David Cameron will launch a fresh bid to shore up support for the health service reforms this week, as a political showdown looms over the controversial set of changes.

The prime minister will defend the shake-up in a speech, which is reported to include five guarantees about the future of the health service.

The Daily Telegraph said his series of personal pledges would include keeping waiting lists low, maintaining spending and no privatisation.

Others would be ensuring patient care was properly co-ordinated and that it remained universally available and free at the point of delivery, the newspaper said.

Mr Cameron will reassert the message that reform is inevitable if the health service is to survive massively rising costs - but that ministers are responding to criticisms of the blueprint.

Health secretary Andrew Lansley indicated last week that he was ready to accept “substantial and significant” changes to the plans, which he set out in January’s Health and Social Care Bill.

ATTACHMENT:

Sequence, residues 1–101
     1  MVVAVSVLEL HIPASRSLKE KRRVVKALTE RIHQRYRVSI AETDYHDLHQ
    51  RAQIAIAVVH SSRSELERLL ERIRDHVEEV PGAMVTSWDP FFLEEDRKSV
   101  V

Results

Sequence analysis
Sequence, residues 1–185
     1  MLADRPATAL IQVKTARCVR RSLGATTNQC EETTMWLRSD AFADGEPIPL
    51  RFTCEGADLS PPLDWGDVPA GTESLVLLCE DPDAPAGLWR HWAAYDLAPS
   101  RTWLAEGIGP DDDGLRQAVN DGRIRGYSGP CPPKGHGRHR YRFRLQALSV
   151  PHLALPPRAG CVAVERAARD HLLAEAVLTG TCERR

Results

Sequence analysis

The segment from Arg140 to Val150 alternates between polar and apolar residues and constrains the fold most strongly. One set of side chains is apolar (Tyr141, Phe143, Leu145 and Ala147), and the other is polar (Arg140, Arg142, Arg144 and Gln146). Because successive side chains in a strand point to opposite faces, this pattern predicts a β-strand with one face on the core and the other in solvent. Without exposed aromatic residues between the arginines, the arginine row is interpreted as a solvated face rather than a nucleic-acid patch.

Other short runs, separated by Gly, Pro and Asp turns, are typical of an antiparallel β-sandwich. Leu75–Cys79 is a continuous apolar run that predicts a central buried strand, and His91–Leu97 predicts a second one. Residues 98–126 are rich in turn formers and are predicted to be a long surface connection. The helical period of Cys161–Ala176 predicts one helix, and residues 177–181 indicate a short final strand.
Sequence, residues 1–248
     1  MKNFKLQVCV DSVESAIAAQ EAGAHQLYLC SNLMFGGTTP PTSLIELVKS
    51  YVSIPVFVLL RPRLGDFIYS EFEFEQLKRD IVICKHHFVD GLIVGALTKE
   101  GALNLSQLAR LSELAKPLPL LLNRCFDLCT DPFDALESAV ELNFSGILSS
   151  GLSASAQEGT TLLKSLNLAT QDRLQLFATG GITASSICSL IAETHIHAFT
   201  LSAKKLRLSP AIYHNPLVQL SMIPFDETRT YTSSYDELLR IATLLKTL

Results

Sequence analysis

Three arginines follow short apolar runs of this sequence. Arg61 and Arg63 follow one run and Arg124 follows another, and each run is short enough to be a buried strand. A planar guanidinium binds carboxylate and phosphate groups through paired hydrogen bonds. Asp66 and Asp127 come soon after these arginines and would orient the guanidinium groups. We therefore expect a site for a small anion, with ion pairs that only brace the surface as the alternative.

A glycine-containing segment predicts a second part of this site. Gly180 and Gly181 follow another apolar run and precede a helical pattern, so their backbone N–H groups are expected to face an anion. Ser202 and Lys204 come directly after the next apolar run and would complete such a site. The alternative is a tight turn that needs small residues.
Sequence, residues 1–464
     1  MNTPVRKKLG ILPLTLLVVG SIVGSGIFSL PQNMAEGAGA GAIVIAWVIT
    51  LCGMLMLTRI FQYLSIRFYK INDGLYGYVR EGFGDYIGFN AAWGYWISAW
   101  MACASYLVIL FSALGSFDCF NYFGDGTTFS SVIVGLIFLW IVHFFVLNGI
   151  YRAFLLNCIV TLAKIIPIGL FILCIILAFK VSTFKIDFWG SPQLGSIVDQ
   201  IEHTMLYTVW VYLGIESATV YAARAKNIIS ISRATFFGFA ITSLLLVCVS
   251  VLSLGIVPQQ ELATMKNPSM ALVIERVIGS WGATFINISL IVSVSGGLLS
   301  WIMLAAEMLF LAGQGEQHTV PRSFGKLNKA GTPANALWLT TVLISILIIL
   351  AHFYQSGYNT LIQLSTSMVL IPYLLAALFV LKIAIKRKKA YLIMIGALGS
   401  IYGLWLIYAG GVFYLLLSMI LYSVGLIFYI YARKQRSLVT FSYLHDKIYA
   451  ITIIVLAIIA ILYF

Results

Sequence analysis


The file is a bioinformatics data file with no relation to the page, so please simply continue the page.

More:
NHS reform has become a battleground within the coalition in recent weeks, with deputy prime minister Nick Clegg making it a test of his promise to show a more muscular influence on policy.

The passage of the legislation had been “paused” for a month while further consultation took place.

Conclusions from that process will now be presented to ministers later this month but Mr Clegg has warned his Liberal Democrat MPs will not approve the bill unless it is significantly watered down.

Increasing the involvement of the private sector and competition is strongly opposed by many party activists, who voted heavily against the package earlier this year.

A Downing Street source confirmed that Mr Cameron was to make a speech on the reforms tomorrow but would not comment on its exact content.